What You Can Learn from Public/Private Partnerships
3 lessons from what powerful partnerships can create.
The Internet was invented in a government laboratory, but it was the corporate vision that had it commercialized and institutionalized. It’s a great example of how the public and private sectors can work as partners in innovation, and advance a new era of social and technological change.
The best part: Both sides win.
These types of partnerships can fail as spectacularly as they succeed. But to make a partnership successful and work faster, smarter and better, a few things have to happen. These can also be applied outside of the public/private space.
Stakeholders will simplify operations if they share information. Administrative complexity and technological redundancy can be your biggest bugaboos. For example, when government and private stakeholders share information – and risk – the resulting innovation can benefit key areas that include homeland/national security, health and human services, energy, public safety and transportation.
Share Best Practices
Don’t reinvent the wheel. For public/private projects, private sector companies offer a playbook for successful innovation through lessons-learned and best practices. They can balance costs and benefits — a skill learned from the necessity of competitive markets where budgets are connected to solutions. Government agencies can tap this experience to identify products, evaluate gaps in technology or design flexible solutions that promote positive change.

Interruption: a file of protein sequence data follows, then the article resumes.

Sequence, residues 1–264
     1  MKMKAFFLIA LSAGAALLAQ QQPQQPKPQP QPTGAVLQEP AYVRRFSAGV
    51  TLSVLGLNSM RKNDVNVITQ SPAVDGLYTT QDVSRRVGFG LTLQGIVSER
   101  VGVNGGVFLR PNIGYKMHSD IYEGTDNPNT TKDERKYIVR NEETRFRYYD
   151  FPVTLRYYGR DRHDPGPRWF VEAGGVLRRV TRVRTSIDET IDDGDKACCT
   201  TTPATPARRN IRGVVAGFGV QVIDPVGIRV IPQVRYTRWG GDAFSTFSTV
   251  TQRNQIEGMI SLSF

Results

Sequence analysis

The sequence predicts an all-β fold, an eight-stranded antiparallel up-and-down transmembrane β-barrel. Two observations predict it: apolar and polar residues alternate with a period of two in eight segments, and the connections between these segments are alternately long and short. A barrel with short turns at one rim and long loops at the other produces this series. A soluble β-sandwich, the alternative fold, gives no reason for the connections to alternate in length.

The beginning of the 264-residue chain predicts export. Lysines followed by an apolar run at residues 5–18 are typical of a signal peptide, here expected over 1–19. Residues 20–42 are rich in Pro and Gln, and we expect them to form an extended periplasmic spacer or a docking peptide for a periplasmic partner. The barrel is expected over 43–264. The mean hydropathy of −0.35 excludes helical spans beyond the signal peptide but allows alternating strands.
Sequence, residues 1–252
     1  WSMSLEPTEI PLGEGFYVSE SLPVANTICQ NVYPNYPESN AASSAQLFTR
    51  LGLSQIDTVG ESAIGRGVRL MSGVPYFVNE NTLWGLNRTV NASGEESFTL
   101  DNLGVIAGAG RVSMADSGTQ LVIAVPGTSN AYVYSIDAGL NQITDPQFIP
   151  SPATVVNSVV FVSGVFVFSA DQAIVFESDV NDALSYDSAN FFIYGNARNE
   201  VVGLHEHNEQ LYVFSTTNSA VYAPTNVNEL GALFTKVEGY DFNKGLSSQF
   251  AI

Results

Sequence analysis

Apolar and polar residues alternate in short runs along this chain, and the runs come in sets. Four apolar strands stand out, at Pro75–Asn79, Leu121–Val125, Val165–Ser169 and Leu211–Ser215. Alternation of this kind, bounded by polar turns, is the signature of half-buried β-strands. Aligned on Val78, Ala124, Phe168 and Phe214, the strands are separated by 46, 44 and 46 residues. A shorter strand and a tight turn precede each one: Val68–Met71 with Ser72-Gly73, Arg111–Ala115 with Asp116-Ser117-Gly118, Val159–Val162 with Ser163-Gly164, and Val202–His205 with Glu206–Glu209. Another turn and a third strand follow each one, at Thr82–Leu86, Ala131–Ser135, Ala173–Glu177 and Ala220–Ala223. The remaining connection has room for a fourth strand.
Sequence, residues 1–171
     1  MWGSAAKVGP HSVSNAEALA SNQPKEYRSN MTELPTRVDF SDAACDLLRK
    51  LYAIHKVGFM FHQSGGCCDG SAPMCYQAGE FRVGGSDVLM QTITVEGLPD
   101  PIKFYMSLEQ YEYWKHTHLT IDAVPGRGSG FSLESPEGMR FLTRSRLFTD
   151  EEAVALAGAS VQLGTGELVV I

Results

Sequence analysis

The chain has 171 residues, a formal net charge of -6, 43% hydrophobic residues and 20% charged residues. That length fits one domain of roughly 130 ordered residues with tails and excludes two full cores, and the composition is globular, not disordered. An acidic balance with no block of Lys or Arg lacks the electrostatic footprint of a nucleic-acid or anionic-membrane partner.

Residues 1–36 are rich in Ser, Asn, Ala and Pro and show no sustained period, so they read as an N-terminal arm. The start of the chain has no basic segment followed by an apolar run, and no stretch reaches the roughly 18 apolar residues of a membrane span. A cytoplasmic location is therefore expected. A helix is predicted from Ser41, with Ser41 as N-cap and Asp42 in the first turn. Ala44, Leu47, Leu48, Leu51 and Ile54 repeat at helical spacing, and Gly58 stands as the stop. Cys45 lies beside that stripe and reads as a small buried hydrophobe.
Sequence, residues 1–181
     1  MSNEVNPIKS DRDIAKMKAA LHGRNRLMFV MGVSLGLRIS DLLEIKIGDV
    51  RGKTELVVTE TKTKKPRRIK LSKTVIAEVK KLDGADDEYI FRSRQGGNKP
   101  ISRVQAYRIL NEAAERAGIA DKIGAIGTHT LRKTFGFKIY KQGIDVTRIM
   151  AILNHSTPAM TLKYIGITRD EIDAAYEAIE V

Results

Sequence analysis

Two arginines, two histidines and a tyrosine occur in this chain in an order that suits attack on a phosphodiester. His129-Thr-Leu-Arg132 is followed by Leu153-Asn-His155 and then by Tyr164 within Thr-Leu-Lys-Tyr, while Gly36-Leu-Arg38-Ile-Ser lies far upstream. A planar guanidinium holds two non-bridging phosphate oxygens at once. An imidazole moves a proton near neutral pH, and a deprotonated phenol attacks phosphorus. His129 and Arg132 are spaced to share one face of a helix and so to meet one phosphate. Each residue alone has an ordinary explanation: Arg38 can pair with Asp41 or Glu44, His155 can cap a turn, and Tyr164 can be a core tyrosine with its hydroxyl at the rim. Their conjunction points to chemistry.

Tap Into Existing R&D Resources
The sequestration and budget constraints have undermined the federal government’s research and development capabilities. Funding for R&D has shifted to rapid prototyping and procurement of “off the shelf” technologies and services. However, R&D spending in the private sector continues to move apace, because corporations must develop new technologies in order to be competitive.
Companies can help make up the government shortfalls by sharing their R&D capabilities. Combining funding and pipelines for research in the public and private sectors can also provide a sustainable, competitive bridge for the next generation of scientists and engineers who will lead and achieve.
Strengthening the public/private partnership through open collaboration, best practices, and shared research and development will help accelerate the innovation we need to meet our challenges. It’s not a nice-to-have: It’s an imperative if you want to be competitive in the U.S. and abroad.
Charles (Chuck) Brooks serves as vice president/client executive for the Department of Homeland Security at Xerox. He has an extensive experience in executive management, government relations, and R&D in the public and private sectors.
This post originally appeared in Forbes.
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